Officials of Tokyo Electric Power Co. (TEPCO) pumped water mixed with boric acid into the No. 2 reactor at the Fukushima No. 1 nuclear power plant early on Nov. 2 after finding traces of xenon, a radioactive gas that might indicate nuclear fission has taken place.
Officials of the company said that some parts of the reactor may have reached criticality, a state of self-sustaining nuclear fission. Fuel believed to have melted in the accident triggered by the March 11 earthquake may have caused the fission. The boric acid was pumped into the reactor to suppress the reactions.
Radiation levels near the Fukushima plant have not shown any unusual surge, but the latest development may hinder plans by the central government to bring the Fukushima nuclear accident under control by the end of the year.
TEPCO workers began operating a gas control system at the No. 2 reactor from Oct. 28 to purify gases within the containment vessel in an attempt to reduce the leaking of radioactive material.
TEPCO officials said a test on Nov. 1 of the gases processed found traces of what appeared to be radioactive xenon 133 and xenon 135.
The identification of the gas as xenon is now being checked by another research institute. Radioactive xenon is produced when uranium in fuel in a reactor core undergoes nuclear fission.
Xenon 133 has a half-life of about five days while xenon 135 has a half-life of about nine hours.
If the gas found in the reactor was xenon, it would mean nuclear fission is continuing in the reactor.
Because of such results, TEPCO officials mixed boric acid into water pumped into the reactor for cooling purposes from 2:48 a.m. on Nov. 2.
However, no radioactive iodine, which is also produced during nuclear fission with xenon, was detected in the gas checked at the No. 2 reactor.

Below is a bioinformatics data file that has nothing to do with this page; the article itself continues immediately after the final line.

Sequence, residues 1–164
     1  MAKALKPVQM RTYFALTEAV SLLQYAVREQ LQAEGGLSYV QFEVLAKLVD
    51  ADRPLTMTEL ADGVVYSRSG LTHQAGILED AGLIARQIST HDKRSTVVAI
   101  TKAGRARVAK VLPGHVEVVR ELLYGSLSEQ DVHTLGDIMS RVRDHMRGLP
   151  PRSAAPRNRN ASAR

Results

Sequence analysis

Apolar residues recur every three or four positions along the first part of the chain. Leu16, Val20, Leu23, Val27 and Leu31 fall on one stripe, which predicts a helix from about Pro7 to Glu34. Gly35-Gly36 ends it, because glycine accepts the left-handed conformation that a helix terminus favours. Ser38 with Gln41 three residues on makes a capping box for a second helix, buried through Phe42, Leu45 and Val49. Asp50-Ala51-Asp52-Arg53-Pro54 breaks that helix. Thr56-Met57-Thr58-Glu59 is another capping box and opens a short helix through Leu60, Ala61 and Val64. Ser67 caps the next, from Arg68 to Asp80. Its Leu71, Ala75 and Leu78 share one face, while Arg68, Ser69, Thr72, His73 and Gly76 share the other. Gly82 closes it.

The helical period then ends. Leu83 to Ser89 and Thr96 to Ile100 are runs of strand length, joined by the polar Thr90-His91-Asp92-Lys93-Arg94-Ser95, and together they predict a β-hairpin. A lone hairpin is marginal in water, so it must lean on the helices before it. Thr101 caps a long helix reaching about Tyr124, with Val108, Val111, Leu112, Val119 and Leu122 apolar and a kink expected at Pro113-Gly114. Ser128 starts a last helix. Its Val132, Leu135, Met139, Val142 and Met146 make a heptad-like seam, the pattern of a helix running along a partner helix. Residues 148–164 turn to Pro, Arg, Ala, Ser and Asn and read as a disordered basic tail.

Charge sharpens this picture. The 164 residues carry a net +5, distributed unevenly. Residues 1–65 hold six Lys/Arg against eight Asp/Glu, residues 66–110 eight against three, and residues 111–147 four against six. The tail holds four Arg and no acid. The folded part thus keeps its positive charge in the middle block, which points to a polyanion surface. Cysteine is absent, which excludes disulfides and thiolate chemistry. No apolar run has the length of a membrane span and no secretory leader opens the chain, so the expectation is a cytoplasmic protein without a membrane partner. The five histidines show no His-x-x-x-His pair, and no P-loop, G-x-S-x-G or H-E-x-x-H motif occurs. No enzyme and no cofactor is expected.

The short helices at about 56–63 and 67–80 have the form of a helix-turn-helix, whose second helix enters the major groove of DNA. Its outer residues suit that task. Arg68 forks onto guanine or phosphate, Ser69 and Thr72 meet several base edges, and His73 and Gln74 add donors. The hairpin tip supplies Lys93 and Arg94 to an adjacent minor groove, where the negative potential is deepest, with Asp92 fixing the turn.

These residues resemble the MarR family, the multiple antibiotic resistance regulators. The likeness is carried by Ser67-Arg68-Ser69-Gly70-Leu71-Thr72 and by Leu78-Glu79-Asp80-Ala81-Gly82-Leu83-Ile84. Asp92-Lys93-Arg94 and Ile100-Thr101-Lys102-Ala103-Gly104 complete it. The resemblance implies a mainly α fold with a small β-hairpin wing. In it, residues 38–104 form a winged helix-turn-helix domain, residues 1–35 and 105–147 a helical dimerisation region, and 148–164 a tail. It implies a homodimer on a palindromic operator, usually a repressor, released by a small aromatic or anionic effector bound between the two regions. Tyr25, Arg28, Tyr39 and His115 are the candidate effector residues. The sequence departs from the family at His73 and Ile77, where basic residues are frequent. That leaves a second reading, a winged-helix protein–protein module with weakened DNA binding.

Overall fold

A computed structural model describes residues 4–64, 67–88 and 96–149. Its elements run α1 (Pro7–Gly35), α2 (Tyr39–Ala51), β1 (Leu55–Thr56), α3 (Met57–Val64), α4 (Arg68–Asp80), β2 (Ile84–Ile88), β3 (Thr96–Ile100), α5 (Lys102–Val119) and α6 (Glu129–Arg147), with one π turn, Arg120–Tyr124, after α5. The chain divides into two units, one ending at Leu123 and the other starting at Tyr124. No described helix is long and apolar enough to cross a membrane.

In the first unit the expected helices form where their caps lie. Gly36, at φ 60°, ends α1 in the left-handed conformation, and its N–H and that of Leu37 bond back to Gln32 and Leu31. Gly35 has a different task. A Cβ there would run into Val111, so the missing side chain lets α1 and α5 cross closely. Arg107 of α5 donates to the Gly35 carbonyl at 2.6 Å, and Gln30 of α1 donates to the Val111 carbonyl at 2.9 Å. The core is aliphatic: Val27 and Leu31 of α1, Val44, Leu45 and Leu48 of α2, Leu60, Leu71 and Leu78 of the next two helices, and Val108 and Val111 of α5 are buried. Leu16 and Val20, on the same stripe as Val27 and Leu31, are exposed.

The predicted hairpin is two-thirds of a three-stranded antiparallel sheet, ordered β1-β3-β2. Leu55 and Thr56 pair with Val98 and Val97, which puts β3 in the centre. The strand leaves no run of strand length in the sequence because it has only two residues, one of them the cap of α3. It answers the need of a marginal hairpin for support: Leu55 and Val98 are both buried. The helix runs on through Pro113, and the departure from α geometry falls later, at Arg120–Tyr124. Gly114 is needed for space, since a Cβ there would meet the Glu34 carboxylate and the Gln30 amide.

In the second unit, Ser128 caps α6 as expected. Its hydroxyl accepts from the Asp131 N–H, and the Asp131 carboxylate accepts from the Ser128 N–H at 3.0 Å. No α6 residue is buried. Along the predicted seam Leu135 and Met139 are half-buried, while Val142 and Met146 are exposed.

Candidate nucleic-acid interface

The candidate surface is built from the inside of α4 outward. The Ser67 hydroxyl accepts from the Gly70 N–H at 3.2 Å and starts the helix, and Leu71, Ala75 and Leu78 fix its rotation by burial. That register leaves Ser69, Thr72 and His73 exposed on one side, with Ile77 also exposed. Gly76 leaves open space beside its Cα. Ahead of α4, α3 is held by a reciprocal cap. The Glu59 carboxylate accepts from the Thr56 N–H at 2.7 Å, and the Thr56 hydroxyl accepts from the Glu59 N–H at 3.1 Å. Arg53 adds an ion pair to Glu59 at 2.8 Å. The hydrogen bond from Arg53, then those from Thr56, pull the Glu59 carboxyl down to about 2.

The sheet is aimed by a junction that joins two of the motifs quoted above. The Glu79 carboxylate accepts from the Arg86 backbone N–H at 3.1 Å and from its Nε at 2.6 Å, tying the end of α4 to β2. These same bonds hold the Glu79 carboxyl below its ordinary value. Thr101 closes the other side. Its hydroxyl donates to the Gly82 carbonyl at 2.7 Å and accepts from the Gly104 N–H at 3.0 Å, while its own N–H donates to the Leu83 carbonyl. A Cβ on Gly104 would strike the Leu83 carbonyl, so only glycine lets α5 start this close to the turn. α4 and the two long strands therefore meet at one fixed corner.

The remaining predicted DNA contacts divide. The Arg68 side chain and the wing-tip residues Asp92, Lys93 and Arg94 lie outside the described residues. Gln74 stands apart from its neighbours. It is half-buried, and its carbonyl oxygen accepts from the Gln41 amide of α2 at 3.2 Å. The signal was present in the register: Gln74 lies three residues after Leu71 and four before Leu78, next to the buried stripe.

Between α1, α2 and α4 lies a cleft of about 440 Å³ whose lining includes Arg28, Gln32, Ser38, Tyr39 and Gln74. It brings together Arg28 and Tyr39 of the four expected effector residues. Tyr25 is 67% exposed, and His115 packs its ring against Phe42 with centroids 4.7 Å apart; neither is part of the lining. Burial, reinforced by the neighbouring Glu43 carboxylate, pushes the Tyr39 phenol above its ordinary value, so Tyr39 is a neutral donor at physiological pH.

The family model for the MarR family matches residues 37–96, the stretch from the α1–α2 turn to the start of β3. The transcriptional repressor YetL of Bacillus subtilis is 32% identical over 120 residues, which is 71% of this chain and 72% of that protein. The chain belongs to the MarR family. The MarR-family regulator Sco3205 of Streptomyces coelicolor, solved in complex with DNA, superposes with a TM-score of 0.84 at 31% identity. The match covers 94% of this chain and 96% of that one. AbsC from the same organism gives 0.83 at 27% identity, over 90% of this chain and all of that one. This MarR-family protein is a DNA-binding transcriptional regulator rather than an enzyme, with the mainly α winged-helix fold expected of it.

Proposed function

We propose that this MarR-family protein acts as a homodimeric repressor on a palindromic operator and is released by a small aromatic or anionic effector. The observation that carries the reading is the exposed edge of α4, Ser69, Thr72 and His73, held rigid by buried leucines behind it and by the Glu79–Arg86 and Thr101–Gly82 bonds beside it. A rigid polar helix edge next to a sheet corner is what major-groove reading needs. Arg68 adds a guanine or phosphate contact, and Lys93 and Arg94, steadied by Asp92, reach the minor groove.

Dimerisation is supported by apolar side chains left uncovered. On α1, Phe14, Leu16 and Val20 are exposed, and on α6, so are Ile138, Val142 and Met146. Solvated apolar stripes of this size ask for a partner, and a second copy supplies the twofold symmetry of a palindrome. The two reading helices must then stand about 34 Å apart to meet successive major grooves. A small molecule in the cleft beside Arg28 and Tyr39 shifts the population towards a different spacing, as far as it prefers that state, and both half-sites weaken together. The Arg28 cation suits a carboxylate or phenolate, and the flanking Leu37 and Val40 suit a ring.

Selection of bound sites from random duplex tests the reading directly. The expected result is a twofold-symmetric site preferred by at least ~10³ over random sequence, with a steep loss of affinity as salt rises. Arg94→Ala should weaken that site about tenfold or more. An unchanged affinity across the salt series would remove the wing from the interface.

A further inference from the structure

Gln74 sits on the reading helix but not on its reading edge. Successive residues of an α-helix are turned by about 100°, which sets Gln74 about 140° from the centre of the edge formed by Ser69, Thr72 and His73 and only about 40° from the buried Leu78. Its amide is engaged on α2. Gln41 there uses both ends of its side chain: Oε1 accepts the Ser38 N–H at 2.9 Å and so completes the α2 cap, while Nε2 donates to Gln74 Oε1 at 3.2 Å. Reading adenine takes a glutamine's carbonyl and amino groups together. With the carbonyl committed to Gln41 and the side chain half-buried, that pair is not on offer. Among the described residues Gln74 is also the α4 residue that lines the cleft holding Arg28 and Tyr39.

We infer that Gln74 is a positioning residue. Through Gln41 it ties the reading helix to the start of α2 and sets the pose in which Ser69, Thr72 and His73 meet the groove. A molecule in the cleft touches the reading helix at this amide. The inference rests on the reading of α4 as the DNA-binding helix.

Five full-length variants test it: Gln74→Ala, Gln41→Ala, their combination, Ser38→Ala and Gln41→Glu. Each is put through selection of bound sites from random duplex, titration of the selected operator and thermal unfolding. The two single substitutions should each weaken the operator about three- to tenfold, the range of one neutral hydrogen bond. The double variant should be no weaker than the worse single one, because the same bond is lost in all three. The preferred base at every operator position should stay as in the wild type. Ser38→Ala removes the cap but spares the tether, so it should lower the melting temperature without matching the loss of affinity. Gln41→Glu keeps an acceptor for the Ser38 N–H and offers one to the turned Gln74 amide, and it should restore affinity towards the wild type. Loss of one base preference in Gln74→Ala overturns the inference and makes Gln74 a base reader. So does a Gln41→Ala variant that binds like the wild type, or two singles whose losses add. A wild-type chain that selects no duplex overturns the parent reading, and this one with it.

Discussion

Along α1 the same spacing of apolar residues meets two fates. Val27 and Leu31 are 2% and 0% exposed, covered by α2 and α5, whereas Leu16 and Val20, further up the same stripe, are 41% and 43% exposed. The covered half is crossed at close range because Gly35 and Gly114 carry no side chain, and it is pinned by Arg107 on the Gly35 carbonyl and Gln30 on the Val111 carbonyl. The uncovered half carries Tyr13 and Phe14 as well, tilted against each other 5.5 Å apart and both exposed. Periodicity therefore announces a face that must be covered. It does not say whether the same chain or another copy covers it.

Moreover, neutron rays, which are emitted during nuclear fission, were not detected in the vicinity of the reactor building.
"We cannot deny the possibility of a temporary, small-scale state of criticality," said TEPCO official Junichi Matsumoto. "However, because there was no sudden increase in the temperature or pressure of the reactor core, we concluded there was no major state of criticality."
Large scale criticality will not usually occur unless, as is found in a normal reactor core, nuclear fuel is carefully positioned and surrounded by water to stimulate nuclear fission.
Through a constant pumping of water into the cores of the No. 1 to No. 3 reactors, temperatures at all three reactors had fallen under 100 degrees by late September, six months after the nuclear accident, indicating stable cooling of the reactors.
For that reason, central government and TEPCO officials had thought they were on course to bring the situation at the Fukushima plant under control by the end of the year.
The temperature at the bottom of the pressure vessel of the No. 2 reactor was 76 degrees as of 5 a.m. on Nov. 2.
During the measurement of gases by the gas control system, the concentration of hydrogen rose from 1 percent to 2.7 percent on Oct. 30. Hydrogen is produced when water is broken down by radiation from the nuclear fuel, and it is possible that the increase in hydrogen may have been related to nuclear fission in the reactor.
Additional nitrogen was pumped into the reactor to prevent an explosion of the sort triggered at the Fukushima plant in March.
TEPCO officials said it was the first time xenon had been detected. However, that may be due to the failure to take appropriate measurements. It is possible that nuclear fission has been producing xenon in the No. 2 reactor since the accident and that similar reactions are occurring in the No. 1 and No. 3 reactors, where nuclear fuel has also melted.
Officials of the Nuclear and Industrial Safety Agency (NISA) held a news conference on the morning of Nov. 2.
"While we cannot deny that nuclear fission may have occurred in some places, (the No. 2 reactor) is, overall, in a stable condition," said Yoshinori Moriyama, NISA deputy director-general for nuclear accident measures.
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